Tata Steel to press ahead with cost cuts

The TATA steel plant in Scunthorpe, northern England.

The TATA steel plant in Scunthorpe, northern England.


Tata Steel Ltd, Europe’s second-largest steel producer, said on Thursday it will press ahead with cost cuts and restructuring to cope with a surge in cheap Chinese exports to Europe and India, its two key markets.

Tata, which posted a surprise 22 percent rise in second-quarter net profit after selling some non-essential holdings, is trying to revive its struggling British operation and has cut thousands of jobs since buying Anglo-Dutch Corus in 2007.

“We have seen huge pressure on (steel) prices ongoing and the strong pound has exasperated the point,” Karl-Ulrich Koehler, CEO of Tata Steel in Europe, told reporters. “Our focus on cost reductions and restructuring will have to continue.”

Koehler said Tata would look at all options for its European long products business.

The crisis in Britain’s steel sector escalated last week as Tata Steel blamed its decision to cut British jobs on a flood of cheap imports, particularly from China, as well as tumbling steel prices.

Net profit at Tata Steel, a division of a hotels-to-automobiles conglomerate, rose to Rs.15.29 billion ($232.9 million) on a consolidated basis in the quarter ended Sept. 30 from Rs.12.54 billion a year earlier. Analysts had forecast a net profit of Rs.11.8 billion, according to data compiled by Thomson Reuters.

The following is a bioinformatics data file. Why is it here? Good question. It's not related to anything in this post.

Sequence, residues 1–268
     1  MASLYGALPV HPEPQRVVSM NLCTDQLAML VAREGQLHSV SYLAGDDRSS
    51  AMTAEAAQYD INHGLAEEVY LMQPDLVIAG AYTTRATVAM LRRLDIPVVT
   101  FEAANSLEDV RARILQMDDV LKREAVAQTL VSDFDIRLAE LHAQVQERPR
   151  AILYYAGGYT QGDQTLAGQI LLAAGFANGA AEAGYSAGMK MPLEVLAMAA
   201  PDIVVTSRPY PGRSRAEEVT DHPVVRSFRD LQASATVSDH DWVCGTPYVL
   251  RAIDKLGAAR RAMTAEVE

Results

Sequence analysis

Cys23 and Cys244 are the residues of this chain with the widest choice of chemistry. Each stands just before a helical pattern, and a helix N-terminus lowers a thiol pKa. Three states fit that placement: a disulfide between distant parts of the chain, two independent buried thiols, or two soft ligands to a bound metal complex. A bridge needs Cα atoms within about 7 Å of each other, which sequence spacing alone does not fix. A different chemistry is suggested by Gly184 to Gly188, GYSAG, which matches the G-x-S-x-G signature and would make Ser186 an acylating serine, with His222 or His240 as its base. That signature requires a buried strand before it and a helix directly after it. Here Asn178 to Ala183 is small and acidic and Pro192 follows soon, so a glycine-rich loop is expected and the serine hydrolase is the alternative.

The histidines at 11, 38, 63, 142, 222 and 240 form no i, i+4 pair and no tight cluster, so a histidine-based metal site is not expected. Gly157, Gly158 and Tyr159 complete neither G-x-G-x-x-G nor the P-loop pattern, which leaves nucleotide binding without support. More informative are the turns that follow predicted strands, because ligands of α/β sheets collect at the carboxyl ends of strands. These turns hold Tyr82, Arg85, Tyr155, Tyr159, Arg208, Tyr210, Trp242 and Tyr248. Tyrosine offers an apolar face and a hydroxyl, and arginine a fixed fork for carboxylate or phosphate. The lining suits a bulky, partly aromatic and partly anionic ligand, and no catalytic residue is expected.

Tata’s profit was boosted by Rs.28 billion earned from the sale of quoted investments during the quarter, including part of its stake in Tata Motors.

Tata also said the “rapid and sharp deterioration” in the British business environment had forced it to take a non-cash charge in the period which, together with restructuring charges and other provisions, totaled Rs.87 billion.

China makes nearly half the world’s 1.6 billion tons of steel. With growth slowing at home, it is expected to export a record 100 million tons to world markets this year to help address its spare steel making capacity.

India imposed a 20 percent import tax on some steel products in September to mitigate the damage to domestic companies.

Despite this, steel prices in India will remain under pressure until there is a “meaningful uptick” in demand in Asia’s third-largest economy, said T.V. Narendran, Tata Steel’s managing director for India and Southeast Asia.

Shares in Tata Steel have lost more than 40 percent this year and closed down 4.25 percent on Thursday before the results announcement. Mumbai‘s wider market fell 0.94 percent.


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